“Analyses of the silicone contained in PIP breast implants indicates that the material does not pose a long-term risk to human health.

“None of the chemicals listed will cause harm at the levels found within PIP breast implants and many are used routinely in various consumer products.”

15 March 2012

This is the latest update on the PIP implants from the MHRA…

PIP Update

14 January 2012

Women concerned about PIP breast implants can find all the latest NHS information on NHS Choices via the following link: PIP breast implants – latest from

11 January 2012

The MHRA has issued a response to the Harley Medical Group’s position on the replacement of PIP implants.

11 January 2012

The Health Secretary, Andrew Lansley, today announced a series of steps to respond to recent concerns regarding French Poly Implant Protheses (PiP) implants.

The first step will be a review led by Professor Sir Bruce Keogh, the NHS Medical Director and will look at the arrangements for ensuring the safety of people seeking cosmetic interventions such as breast implants and dermal fillers.

6 January 2012

The government has announced new advice concerning PIP silicone filled gel implants based on advice from its Expert Advisory Group.

3 January 2012

Our current advice to women with questions about PIP breast implants remains to seek advice from their consulting surgeon.

There is no evidence of increased rupture rates associated with PIP implants. A group lead by NHS Medical Director Professor Sir Bruce Keogh is currently reviewing the data on rupture rates of these implants and is due to release its findings on Friday.

23 December 2011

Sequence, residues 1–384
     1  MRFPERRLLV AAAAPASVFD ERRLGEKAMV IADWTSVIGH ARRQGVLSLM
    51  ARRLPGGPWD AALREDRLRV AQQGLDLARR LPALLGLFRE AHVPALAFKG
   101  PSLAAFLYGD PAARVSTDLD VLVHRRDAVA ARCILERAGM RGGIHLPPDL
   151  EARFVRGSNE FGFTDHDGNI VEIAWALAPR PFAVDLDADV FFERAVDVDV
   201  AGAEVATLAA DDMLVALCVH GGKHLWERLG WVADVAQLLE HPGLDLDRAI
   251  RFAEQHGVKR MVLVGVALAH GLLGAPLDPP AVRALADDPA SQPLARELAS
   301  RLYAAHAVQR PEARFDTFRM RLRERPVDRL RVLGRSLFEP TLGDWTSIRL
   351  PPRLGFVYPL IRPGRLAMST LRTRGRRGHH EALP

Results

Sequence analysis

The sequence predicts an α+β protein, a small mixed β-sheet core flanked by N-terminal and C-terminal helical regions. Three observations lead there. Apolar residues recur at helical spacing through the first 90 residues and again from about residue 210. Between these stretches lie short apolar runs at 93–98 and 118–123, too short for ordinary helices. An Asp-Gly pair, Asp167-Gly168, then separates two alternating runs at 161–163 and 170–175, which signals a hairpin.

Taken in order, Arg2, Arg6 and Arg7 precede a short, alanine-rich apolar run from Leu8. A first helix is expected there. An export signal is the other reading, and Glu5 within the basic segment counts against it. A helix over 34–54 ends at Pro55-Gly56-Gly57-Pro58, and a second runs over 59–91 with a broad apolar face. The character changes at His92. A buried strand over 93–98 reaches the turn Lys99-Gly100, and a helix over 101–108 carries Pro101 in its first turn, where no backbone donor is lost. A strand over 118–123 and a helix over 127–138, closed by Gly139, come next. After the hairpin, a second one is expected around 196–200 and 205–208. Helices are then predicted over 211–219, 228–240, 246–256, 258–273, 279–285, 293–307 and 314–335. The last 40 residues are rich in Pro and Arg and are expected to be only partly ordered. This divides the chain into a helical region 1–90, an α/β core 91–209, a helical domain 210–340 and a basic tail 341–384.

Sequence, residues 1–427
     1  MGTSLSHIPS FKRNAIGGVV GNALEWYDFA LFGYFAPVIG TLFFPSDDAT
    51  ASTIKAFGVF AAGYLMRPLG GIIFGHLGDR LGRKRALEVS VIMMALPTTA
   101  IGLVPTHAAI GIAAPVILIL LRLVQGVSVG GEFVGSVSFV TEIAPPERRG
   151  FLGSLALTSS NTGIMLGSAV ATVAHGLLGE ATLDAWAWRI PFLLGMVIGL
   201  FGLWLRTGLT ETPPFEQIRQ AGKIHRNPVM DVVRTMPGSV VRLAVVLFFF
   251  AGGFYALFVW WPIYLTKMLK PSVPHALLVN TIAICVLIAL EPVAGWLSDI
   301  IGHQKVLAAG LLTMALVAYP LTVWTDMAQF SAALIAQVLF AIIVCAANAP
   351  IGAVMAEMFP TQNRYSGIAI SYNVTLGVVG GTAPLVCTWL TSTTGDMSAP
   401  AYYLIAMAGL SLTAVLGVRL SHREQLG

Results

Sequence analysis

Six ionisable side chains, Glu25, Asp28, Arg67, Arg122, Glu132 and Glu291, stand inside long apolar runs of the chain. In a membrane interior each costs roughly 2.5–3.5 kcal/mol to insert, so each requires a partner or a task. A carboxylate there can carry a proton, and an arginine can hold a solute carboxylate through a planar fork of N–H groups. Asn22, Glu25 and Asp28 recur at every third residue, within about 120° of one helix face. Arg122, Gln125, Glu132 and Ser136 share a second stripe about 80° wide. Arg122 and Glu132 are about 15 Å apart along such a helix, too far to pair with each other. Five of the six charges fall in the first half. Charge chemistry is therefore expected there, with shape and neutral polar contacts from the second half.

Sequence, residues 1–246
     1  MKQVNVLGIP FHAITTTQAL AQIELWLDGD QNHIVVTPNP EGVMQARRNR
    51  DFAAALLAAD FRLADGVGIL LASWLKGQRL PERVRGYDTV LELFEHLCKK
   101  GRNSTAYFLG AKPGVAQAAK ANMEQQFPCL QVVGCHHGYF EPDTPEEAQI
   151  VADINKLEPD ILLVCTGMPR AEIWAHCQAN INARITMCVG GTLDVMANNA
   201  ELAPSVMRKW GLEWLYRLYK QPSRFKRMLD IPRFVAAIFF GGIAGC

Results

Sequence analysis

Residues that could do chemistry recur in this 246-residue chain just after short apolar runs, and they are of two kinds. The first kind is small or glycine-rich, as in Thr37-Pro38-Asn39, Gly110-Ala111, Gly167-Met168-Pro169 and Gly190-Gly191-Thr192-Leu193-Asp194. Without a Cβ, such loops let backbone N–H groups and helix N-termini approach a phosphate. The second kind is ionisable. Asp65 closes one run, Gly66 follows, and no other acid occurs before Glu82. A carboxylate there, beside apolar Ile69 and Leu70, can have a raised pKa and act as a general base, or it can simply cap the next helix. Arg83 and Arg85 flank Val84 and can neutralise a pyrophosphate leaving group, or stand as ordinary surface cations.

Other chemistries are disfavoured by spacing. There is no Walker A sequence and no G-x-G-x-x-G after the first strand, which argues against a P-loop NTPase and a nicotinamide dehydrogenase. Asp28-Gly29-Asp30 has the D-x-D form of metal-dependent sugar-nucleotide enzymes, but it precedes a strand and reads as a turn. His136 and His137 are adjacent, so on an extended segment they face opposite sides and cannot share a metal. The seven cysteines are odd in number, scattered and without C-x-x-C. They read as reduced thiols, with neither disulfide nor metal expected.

Following the announcement in France today, the Medicines and Healthcare products Regulatory Agency (MHRA) is not recommending routine removal of PIP silicone gel breast implants in the UK.

We recognise the concern that some women who have these implants may be feeling but we currently have no evidence of any increase in incidents of cancer associated with these implants and no evidence of any disproportionate rupture rates other than in France.

We therefore do not believe that the associated risks of surgery from breast implant removal can be justified without further evidence.

We will continue liaising with the French medicines and medical devices regulator and we are awaiting the evidence to support the decision made in France. This will be evaluated as a matter of priority by our clinical and toxicological experts and we will issue further advice if necessary.

In the absence of strong clear evidence to the contrary, we see no reason to alter our current advice that there is no need to routinely remove these PIP breast implants.

In the meantime we would recommend that all patients who have questions about their PIP breast implants should seek advice from their implanting surgeon.

We had discussions on 21 December 2011 with other health or regulatory experts from France, the Netherlands, Portugal, Italy, Ireland, Hungary, Austria, Denmark and Malta. They all agreed that there was no evidence of any increase in incidents of cancer associated with PIP breast implants and no evidence of any disproportionate rupture rates other than in France. Information obtained from the Australian Regulatory Authority (TGA) is consistent with the figures from all the above European countries other than France in terms of rupture. They have no reported cases of lymphoma.